Interview: Matthew Cottle

Matthew Cottle in rehearsal for Dear Uncle.  Photo by James Drawneek
Matthew Cottle in rehearsal for Dear Uncle. Photo by James Drawneek
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There are two new plays from Alan Ayckbourn to look forward to this summer. Nick Ahad meets cast member Matthew Cottle.

Speaking to Matthew Cottle is like stepping into a time machine.

As one of the three characters of BBC sitcom Game On, he became a part of a zeitgeist that came to define a generation.

The Lads’ Mag Nineties, BritPop, Cool Britannia, they were all exemplified by this sitcom that was so of its time, that it took its name from a catchphrase of the decade.

Sitting in the café of Scarborough’s Stephen Joseph Theatre with Cottle, a decade and a half since he left RADA and stepped straight into TV ubiquity, appearing in three television sitcoms in 12 months, he is outwardly a man unchanged.

In Game On he played an uptight banker, who was forever being bullied by his agorophobic flatmate, in particular, menaced into always making the tea.

Cottle takes his seat, cup of tea in hand, his mug has a sticker on it that bears the name Matthew. It’s the sort of thing you could imagine Martin, the character he played in Game On, holding.

“Oh yes, ‘make the tea’,” says Cottle, with a chuckle and a smile.

It is as though the years have not withered him. He looks just the same as he did when he was in Game On – and a number of other television series in one heady year.

“I was just out of drama school and in one year I had three sitcoms on the BBC. I thought ‘this is great’. Then all three came to an end,” Cottle chuckles.

In the mouth of another actor – perhaps Ben Chaplin, the brooding, good-looking actor who played Cottle’s flatmate in Game On and went on to Hollywood movies – such a sentence would sound melancholic, moody.

Cottle’s demeanour means he makes it sound like a terribly good wheeze. He is the sort of man you would most likely describe as a “pleasant chap”.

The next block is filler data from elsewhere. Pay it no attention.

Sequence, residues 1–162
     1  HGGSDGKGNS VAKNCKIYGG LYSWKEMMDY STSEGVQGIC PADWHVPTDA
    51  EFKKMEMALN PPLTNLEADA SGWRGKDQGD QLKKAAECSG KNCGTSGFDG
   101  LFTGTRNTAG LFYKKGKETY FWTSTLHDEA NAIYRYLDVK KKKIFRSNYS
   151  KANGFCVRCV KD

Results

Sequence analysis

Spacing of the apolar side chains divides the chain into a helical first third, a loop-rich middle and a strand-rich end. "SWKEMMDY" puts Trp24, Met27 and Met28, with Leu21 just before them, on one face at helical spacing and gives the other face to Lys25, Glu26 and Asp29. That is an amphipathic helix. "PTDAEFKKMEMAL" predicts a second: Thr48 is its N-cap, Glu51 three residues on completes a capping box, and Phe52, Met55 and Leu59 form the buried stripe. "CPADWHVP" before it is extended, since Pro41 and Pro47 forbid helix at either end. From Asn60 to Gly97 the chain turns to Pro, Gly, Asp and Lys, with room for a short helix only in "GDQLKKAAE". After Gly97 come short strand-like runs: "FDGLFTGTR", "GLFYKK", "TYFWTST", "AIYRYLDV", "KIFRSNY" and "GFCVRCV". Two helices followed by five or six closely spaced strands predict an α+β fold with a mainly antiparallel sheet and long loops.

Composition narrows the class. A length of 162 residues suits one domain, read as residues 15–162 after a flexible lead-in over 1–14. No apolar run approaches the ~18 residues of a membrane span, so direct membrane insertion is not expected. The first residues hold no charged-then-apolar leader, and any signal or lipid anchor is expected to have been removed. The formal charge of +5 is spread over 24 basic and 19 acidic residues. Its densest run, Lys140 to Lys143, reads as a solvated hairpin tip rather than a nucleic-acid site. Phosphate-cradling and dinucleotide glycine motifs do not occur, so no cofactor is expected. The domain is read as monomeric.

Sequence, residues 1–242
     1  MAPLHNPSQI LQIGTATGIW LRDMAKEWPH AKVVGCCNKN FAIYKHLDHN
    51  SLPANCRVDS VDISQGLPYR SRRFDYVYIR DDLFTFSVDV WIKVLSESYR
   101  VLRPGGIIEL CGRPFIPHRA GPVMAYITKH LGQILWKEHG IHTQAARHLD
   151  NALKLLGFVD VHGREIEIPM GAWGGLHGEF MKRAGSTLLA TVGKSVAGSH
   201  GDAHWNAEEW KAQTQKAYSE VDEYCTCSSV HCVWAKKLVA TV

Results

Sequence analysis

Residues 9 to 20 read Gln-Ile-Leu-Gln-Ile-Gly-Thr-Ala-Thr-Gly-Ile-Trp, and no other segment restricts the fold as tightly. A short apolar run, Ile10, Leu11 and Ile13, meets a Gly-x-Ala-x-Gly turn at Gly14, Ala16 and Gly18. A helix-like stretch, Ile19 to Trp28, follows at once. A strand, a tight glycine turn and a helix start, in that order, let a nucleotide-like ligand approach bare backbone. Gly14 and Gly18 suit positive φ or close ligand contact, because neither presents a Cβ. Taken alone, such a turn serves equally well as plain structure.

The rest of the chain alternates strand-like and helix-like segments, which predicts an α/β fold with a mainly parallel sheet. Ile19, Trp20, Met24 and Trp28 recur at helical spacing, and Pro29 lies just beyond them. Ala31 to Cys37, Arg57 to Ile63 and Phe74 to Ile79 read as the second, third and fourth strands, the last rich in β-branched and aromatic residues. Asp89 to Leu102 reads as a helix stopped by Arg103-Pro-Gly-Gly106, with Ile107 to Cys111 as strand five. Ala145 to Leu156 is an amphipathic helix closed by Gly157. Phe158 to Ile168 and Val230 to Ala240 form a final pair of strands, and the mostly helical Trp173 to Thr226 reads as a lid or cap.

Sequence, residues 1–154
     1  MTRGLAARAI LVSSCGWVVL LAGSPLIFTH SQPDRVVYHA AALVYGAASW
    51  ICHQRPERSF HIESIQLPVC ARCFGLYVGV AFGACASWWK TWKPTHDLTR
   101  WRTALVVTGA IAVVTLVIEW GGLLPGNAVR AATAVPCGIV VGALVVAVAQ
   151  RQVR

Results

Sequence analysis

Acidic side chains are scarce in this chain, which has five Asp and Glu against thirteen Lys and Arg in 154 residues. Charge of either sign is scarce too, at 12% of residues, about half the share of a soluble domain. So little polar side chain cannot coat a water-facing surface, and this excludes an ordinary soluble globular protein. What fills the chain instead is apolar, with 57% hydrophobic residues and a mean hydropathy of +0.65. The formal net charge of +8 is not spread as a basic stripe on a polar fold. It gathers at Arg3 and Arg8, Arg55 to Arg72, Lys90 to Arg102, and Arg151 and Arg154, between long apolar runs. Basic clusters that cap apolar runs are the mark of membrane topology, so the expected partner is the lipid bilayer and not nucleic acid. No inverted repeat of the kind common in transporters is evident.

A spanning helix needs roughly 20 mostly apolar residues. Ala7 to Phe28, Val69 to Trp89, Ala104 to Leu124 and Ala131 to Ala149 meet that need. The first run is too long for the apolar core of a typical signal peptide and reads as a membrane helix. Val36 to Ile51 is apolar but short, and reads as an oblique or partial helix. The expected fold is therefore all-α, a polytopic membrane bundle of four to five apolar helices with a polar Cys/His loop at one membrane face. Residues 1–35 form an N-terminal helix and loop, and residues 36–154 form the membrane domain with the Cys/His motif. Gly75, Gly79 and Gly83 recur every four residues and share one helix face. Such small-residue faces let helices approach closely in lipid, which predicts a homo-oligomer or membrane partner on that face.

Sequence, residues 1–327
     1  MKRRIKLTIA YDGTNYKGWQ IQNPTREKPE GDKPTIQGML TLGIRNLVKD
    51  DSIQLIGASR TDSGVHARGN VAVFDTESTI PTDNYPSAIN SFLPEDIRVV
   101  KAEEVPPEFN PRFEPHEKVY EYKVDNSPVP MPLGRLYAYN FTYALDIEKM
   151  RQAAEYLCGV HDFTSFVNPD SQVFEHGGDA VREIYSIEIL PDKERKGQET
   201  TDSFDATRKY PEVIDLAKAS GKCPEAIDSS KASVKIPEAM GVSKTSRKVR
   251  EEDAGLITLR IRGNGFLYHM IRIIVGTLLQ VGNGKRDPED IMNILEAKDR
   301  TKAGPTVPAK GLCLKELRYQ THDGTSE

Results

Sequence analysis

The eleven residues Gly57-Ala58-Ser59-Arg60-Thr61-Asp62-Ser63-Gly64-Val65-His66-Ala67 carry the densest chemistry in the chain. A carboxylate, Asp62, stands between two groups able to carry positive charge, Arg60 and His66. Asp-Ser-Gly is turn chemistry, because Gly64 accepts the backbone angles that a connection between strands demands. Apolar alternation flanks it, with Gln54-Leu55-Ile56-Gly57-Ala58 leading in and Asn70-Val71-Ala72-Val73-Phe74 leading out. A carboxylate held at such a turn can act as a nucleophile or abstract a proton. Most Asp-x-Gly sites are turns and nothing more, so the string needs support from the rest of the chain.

His good mood is helped by the fact that he is coming off the back of another exceptional 12 months, this time full of theatre work.

Cottle is currently rehearsing in Scarborough, where he will spend the summer appearing in rep in Alan Ayckbourn’s two new plays, Dear Uncle – an adaptation of Chekhov’s Uncle Vanya and Neighbourhood Watch.

He was in Yorkshire earlier this year where he appeared on the stage of Sheffield’s Crucible in David Hare’s Racing Demon and prior to that was in the National Theatre production of Alan Bennett’s The Habit of Art.

He says: “If I could have another year like the one I have just had, where I’m working in theatre, doing these fantastic plays, then I would be very happy.

“I don’t really have any burning desire to appear in a soap or anything. I love working in theatre.

“I don’t have lots of ambitions, I like working, but when I’m not I run, watch box sets, take the kids to school, so I’m not desperate to do more TV or anything. Although the money would be nice. Wait, don’t write that – the producers of one of the soaps might read it.”

He doesn’t actually say “oh crumbs”, but it is as though it is implied in the sentence. This gentle nature and – one would use the word bumbling if it didn’t have perjorative connotations – makes Cottle the perfect foil for Alan Ayckbourn, the master of comedies of manners.

Cottle has apppeared in a number of Ayckbourn plays, but is working on a new script with the writer and director for the first time this summer.

“It is incredibly exciting,” he says.

“When you are in a rehearsal room with him, you forget that he is ‘the Great Sir Alan’, he seems so down to earth and really gentle in his directing. I do feel very lucky.”

With a gentle chuckle he’s off to change for an afternoon technical rehearsal, name- badged teacup in hand.

A director who writes

Although regarded as one of the country’s foremost playwrights, 2011 marks Alan Ayckbourn’s 50th year as a director.

“I always consider myself a director who writes rather than a writer who directs, because directing takes up so much of my time.”

The first play he directed was Gaslight in 1961. His production of Arthur Miller’s A View From The Bridge earned him his first Olivier nomination for directing in 1987. Ayckbourn’s directing career has spanned over 300 productions from Scarborough to New York.

Dear Uncle, SJT to Sept 30. Neighbourhood Watch Sept 8 to Oct 15. Tickets 01723 370541.